Tuesday, March 2, 2021

Letters from a Stoic 55 - On Vatia's Villa

On Vatia's Villa

The human mind is incredible.  As a child, I would day dream so much, my teachers were always trying to get my attention back into the classroom.  One of my favorite things to do was to sit on the floor in my bedroom and play with my toys - imaging the small figurines and cars were armies or football teams fighting against each other.  But over the years, I've been disciplined by teachers and the demands of school and work to focus on the here and now.  I will admit, that frequently (especially at 2pm on most days) my mind drifts off in contemplation.

What does this have to do with Seneca's letter about Vatia's Villa?  It's this unique ability of the human mind to give itself an instant vacation while at work and engaged in society.  We do not need a villa to escape.  We can practice instantaneous escape and then snap right back into the present moment.

Before making this point, Seneca commentates a bit about luxuries and how they make us weak.

Nature gave us legs with which to do our own walking, and eyes with which to do our own seeing. Our luxuries have condemned us to weakness; we have ceased to be able to do that which we have long declined to do.

If this were true for Seneca's time, it is truer still today in the year 2021.  I recently read a comment on-line where a person said that it has never been easier to be strong, than now.  Everyone is weak and with a little effort, you can appear strong.

Back to Vatia and his village.  Seneca notes,

people used to cry out: "O Vatia, you alone know how to live!"  But what he knew was how to hide, not how to live; and it makes a great deal of difference whether your life be one of leisure or one of idleness.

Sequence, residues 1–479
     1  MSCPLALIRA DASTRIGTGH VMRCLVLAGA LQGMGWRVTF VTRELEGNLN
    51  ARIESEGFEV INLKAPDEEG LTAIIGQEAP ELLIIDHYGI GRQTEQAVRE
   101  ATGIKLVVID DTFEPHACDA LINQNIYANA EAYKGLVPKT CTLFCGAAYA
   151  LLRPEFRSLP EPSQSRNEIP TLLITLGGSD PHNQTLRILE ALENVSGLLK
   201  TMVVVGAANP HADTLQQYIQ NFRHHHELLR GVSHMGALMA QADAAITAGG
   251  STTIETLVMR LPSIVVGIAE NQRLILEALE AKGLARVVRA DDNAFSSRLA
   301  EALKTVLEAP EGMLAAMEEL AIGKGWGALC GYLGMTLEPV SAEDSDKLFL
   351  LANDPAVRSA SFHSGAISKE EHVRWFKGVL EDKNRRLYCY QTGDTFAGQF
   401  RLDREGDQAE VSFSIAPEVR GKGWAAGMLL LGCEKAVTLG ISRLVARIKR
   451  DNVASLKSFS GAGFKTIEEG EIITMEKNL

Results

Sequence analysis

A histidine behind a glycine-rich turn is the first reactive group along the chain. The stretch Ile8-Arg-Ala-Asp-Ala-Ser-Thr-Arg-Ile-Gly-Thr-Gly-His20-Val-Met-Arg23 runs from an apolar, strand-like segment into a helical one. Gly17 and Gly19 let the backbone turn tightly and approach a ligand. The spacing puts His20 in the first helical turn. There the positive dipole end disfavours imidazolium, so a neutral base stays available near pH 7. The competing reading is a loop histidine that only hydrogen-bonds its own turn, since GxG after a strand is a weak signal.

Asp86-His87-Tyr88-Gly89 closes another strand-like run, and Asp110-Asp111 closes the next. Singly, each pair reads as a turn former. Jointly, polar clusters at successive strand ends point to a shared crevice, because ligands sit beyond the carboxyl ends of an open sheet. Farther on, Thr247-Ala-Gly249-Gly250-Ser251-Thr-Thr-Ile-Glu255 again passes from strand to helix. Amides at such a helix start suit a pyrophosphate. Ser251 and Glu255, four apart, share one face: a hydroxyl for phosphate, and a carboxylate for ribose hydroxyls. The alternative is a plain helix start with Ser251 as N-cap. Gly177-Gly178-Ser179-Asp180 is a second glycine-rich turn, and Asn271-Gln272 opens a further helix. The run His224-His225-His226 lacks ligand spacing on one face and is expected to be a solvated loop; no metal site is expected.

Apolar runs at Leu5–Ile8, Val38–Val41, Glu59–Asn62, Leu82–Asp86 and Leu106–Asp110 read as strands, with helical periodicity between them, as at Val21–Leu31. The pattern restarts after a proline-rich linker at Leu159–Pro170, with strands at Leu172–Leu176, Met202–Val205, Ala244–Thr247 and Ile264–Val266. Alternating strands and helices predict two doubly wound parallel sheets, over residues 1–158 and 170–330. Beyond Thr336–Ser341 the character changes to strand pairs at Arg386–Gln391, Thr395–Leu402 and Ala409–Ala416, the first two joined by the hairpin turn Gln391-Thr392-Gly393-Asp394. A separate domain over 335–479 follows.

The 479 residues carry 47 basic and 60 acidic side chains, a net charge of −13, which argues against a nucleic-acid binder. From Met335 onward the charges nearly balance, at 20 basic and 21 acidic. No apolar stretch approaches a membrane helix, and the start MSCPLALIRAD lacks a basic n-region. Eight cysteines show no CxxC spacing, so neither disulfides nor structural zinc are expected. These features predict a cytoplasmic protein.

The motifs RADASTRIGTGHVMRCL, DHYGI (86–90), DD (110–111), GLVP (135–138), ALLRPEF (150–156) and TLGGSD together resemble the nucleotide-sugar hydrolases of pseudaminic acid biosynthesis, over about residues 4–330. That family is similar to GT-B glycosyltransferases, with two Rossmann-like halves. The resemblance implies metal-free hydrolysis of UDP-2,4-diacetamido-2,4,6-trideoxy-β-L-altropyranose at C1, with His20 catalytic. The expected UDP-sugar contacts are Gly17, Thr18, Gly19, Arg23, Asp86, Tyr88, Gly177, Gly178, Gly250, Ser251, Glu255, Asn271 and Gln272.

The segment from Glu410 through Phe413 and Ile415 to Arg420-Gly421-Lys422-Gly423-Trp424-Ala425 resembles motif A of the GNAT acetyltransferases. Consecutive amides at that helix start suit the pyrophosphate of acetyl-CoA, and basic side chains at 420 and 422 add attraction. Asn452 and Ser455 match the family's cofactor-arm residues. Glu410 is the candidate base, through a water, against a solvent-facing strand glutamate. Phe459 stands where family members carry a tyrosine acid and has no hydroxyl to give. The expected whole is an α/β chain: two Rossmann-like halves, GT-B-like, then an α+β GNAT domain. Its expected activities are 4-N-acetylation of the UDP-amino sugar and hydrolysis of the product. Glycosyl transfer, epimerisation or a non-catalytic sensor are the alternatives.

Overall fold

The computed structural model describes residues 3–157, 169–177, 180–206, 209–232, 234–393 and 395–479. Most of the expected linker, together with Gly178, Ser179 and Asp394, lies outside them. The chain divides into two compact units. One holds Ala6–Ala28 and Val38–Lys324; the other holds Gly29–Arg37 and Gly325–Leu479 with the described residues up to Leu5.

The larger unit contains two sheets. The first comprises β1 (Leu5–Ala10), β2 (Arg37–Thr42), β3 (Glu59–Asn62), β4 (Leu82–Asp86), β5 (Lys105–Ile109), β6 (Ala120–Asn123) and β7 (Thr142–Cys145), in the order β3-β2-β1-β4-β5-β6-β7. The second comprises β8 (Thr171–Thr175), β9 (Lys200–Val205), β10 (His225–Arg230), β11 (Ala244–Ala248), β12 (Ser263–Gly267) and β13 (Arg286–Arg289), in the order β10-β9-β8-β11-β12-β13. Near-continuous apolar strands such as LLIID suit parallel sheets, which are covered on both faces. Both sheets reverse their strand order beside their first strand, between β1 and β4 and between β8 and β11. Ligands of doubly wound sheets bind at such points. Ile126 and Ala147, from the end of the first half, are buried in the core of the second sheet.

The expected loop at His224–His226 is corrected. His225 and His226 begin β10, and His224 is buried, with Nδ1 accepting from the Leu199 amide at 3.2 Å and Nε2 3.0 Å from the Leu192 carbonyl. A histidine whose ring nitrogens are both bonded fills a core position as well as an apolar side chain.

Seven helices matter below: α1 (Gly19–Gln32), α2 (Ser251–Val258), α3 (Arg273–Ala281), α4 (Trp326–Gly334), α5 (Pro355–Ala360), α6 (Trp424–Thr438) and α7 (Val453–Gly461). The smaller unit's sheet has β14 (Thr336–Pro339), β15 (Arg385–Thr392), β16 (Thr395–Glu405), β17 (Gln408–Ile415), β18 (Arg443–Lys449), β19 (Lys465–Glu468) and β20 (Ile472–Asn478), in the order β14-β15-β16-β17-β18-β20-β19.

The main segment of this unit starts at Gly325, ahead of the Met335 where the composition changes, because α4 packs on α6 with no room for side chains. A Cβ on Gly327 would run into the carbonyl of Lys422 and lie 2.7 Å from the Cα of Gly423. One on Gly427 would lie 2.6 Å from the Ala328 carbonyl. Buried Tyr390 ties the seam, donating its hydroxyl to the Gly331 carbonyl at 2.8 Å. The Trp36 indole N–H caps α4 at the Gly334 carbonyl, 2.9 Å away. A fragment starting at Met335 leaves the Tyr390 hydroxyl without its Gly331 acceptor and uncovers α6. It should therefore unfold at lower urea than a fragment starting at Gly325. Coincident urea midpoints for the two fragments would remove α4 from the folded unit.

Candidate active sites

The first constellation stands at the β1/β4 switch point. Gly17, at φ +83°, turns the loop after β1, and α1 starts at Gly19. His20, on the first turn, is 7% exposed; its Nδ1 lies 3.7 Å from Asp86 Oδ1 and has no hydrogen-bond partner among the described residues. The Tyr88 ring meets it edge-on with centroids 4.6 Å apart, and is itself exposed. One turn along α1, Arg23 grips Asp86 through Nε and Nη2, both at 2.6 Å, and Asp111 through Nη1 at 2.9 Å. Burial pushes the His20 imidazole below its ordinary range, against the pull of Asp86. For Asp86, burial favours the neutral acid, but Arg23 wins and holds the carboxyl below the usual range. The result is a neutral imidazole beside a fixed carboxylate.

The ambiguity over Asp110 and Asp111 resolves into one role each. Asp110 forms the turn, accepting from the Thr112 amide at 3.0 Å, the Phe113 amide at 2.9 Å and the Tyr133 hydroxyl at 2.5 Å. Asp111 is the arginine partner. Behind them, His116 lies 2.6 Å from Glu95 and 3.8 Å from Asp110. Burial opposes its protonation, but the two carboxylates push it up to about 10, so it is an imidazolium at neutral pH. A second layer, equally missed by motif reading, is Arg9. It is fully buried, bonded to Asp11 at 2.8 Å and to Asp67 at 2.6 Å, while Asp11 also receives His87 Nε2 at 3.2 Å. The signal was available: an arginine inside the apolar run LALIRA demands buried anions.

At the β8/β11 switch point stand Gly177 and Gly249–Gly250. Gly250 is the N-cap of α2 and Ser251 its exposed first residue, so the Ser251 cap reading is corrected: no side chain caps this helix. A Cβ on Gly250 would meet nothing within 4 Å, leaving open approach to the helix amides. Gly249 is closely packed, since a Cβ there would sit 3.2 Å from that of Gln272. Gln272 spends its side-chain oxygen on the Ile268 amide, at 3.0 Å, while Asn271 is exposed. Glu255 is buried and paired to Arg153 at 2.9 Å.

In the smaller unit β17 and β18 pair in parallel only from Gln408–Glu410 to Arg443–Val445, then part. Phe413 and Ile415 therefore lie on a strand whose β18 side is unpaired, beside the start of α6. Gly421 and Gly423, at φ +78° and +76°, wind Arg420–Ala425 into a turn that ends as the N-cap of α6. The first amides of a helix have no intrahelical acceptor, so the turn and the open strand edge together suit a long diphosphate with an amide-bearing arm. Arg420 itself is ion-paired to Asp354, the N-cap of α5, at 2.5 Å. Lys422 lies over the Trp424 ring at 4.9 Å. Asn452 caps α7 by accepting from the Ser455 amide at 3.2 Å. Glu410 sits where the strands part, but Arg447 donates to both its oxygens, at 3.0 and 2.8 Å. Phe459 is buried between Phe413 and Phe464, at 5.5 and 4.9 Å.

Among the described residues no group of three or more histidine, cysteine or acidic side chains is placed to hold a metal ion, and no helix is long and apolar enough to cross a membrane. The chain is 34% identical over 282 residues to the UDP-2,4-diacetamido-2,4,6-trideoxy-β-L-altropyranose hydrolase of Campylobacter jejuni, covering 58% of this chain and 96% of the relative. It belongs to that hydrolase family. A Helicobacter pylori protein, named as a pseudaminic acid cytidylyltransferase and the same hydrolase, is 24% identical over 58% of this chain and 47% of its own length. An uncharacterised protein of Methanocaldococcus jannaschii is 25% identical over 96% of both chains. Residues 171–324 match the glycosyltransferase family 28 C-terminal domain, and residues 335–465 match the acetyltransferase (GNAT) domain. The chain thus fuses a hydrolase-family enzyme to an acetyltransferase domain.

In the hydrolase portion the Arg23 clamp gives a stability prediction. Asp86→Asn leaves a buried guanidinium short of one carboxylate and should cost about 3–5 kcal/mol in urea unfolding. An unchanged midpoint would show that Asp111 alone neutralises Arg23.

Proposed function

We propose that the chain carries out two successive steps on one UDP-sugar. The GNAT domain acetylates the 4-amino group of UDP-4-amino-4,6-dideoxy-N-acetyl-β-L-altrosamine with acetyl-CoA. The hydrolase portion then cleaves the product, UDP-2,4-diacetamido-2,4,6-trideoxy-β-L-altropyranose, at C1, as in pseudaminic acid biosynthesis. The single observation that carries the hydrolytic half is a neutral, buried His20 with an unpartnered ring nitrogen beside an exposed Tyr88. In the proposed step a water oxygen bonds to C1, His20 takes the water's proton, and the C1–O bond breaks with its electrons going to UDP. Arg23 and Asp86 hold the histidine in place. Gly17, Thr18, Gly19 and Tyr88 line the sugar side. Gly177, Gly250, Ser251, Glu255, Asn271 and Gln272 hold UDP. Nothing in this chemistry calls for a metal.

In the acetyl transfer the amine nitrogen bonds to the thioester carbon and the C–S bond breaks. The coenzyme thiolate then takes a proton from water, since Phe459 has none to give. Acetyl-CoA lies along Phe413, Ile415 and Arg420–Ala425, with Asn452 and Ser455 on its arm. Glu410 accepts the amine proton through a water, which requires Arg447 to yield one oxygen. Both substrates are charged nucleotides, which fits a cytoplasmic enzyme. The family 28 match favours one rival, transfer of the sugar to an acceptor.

To me, it sounds like Seneca is saying Vatia does not have a meaningful life and all he is doing is hiding out in his villa.  His life is not one of leisure, but of idleness.

He goes on,

the mass of mankind consider that a person is at leisure who has withdrawn from society, is free from care, self-sufficient, and lives for himself;

Seneca begins to make the point here.  You do not need to withdraw from society in a villa or in the mountains to be at leisure.  Rather, you main attain leisure in your mind alone.

The person who hides from society does not know how to live.  You must learn how to live in order to learn how to attain leisure.  Therefore, the person who shuts himself off from the world does not know how to live nor does he know leisure.

Does he even know (and that is of first importance) how to live at all?  For the man who has fled from affairs and from men, who has been banished to seclusion by the unhappiness which his own desires have brought upon him, who cannot see his neighbour more happy than himself, who through fear has taken to concealment, like a frightened and sluggish animal, – this person is not living for himself; he is living for his belly, his sleep, and his lust, – and that is the most shameful thing in the world.

Therefore, we now know that the place you are at or where you live cannot bring fulfillment.  If you are always wanting to be somewhere else, then you will always be malcontented.  You fail to fix the very thing you take with you no matter where you go!

The place where one lives, however, can contribute little towards tranquillity; it is the mind which must make everything agreeable to itself. I have seen men despondent in a gay and lovely villa, and I have seen them to all appearance full of business in the midst of a solitude. For this reason you should not refuse to believe that your life is well-placed merely because you are not now in Campania.

The trick - the lesson - is to learn to be content where you are at, no matter where you are.  If you can do this, then you can allow yourself the freedom and leisure to drift off to the villa for a moment of respite.  This is what wise men do.

If you develop this ability, you may also develop the ability to converse with people who are not now with you.  You will always have a friend with you if you can think on them and talk with them in your mind.

You may hold converse with your friends when they are absent, and indeed as often as you wish and for as long as you wish.

This is precisely what Seneca and Lucilius are attempting to do.  While they are not corresponding in letters, they are advising each other - in a sense, they are living in each other's heads.

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